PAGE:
It isn’t often that kidnapping movies have truly surprising twists. They’re like bank robberies; the villains either get away with the money or they don’t. They may or may not kill the hostages. And almost without exception, someone in the group will turn and try to take the money for themselves. Alice Creed, the fictitious kidnapping victim for whom the movie is named, gives the audience an unexpected shock midway through the film. What makes the revelation so startling? Its simplicity.
We begin by witnessing the creation of an oubliette. We watch as the walls of an apartment (flat) are covered with soundproofing material, and anchors and eyelets are screwed into bed framing like a macabre Ikea furniture set. Plastic is hung on the walls of a moving van. Bundles of nondescript outfits are folded, worn, removed, and changed throughout every stage of the kidnapping. For fans of the serial-killer show, Dexter, this movie is the counterpart for ransoming a human being. The attention to detail is superb, and wholly supports the first act.
Enter Alice Creed, the only daughter of a faceless millionaire, snatched off the streets by the kidnapping duo. They shuttle her off bagged and gagged to their casa-de-abduction and rope her to the bed. The process of stripping her down to refit her with generic jogging clothes and bringing in a bedpan for her personal needs are especially tense scenes. They feel vulnerable, and the lack of characterization of the kidnappers early in the movie keeps you wondering, and just as in the dark as the blindfolded damsel. There’s no way to know how violent or depraved the two men are.
Inevitably, one of the men know Alice Creed from earlier in their lives, and therein lies the seed of drama which sets this movie apart. Without spoiling too much I’ll simply say that a strange love triangle emerges, built on remnants of past relationships prior to the kidnapping, and the word ‘love’ becomes a weapon and an excuse for almost all bizarre behavior. “...because I love you” is thrown around so many times I fully expected the on-set cameraman and lighting-grip to get in on the lovefest.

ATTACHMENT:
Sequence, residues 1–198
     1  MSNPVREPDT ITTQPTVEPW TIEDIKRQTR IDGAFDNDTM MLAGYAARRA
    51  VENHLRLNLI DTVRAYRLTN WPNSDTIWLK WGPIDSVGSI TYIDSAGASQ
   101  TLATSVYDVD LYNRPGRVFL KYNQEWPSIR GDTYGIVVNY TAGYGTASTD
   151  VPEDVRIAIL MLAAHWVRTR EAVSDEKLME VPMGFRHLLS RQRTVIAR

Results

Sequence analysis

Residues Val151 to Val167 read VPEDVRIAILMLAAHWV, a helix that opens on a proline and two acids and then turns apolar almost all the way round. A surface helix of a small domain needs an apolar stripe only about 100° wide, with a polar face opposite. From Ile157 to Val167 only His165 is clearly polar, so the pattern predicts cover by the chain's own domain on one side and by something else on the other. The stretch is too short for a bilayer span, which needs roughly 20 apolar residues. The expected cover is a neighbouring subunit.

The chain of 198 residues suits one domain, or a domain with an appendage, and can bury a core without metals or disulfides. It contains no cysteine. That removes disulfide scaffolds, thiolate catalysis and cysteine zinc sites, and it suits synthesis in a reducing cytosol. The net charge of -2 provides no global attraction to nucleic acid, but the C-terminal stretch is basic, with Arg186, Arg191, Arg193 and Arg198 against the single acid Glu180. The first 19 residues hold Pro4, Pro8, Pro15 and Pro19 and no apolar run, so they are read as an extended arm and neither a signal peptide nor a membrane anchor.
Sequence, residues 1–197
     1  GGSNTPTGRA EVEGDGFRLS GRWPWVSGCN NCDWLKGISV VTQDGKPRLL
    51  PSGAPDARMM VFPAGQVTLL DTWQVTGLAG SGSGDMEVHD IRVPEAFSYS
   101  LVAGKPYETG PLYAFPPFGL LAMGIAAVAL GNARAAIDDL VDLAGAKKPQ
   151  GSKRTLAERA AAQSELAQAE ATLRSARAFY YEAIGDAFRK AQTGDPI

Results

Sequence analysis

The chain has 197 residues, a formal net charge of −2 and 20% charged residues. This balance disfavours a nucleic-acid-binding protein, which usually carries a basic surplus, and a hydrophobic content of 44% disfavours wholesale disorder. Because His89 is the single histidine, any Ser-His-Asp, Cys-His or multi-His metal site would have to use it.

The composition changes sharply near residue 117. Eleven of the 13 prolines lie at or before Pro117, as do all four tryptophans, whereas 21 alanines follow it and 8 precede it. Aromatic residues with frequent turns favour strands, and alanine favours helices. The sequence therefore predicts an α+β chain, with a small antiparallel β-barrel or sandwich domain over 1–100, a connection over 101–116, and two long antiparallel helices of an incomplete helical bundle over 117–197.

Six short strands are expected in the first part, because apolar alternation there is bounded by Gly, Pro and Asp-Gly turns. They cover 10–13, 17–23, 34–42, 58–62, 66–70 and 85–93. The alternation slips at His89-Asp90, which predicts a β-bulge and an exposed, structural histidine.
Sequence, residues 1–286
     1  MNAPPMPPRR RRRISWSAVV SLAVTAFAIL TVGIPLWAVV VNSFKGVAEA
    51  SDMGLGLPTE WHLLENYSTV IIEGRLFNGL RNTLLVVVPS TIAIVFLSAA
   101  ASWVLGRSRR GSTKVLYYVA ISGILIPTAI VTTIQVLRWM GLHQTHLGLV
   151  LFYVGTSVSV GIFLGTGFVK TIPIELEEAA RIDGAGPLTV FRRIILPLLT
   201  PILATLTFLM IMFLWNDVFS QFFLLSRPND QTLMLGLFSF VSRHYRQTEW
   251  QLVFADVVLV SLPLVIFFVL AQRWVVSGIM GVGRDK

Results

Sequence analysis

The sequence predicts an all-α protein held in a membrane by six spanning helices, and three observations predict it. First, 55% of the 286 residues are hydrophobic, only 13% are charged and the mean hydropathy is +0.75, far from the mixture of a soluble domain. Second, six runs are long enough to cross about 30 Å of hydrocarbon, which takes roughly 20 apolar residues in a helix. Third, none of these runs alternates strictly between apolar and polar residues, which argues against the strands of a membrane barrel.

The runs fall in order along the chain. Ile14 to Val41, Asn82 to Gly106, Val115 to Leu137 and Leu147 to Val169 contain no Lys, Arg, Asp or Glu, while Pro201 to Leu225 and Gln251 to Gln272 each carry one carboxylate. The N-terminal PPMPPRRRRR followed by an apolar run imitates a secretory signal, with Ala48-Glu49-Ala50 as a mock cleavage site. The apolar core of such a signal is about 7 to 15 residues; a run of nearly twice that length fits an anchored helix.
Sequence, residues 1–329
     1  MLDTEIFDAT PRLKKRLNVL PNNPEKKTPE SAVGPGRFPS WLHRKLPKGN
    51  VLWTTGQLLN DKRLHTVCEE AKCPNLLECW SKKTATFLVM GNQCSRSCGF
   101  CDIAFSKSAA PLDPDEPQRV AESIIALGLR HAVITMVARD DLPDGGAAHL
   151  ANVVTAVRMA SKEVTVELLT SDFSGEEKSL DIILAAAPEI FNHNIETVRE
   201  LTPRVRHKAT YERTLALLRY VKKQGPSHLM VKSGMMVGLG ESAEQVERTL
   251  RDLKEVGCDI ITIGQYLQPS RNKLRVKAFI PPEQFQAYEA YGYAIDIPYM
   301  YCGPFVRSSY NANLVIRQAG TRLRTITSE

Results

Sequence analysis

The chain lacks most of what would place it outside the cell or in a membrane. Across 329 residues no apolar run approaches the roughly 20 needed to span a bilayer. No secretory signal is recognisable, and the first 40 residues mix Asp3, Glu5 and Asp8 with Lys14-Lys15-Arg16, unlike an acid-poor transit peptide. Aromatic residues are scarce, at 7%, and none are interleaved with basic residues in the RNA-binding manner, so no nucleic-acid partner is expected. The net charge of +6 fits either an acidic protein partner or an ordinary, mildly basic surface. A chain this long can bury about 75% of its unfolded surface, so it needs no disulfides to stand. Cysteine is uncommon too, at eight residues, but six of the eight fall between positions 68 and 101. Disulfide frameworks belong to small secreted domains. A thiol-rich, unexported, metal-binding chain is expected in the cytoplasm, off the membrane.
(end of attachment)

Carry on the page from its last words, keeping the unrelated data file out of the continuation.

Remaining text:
The most impressive part of this movie is the emotional content (far better than Ransom; Mel Gibson screaming red-faced into a phone). Its relatively unknown cast does a superb job. Creed is played by Gemma Arterton from Prince of Persia and Clash of the Titans, alongside Eddie Marsan from The Illusionist and Martin Compston. The three deliver their lines with believable force, regardless of how strained the credulity of the situation. You can almost taste the independent brands of psychological disorder woven into each character.
The money or your life...
I can certainly recommend this movie to first time viewers. It’s interesting, it’s tense, and it’s unpredictable. But I would suggest renting it or watching it on Netflix, not necessarily purchasing it. The depth of the movie is limited to its stunning developments. Unless you have a very short memory, watching The Disappearance of Alice Creed more than once feels like staring at Hot Wheels cars circling a plastic track.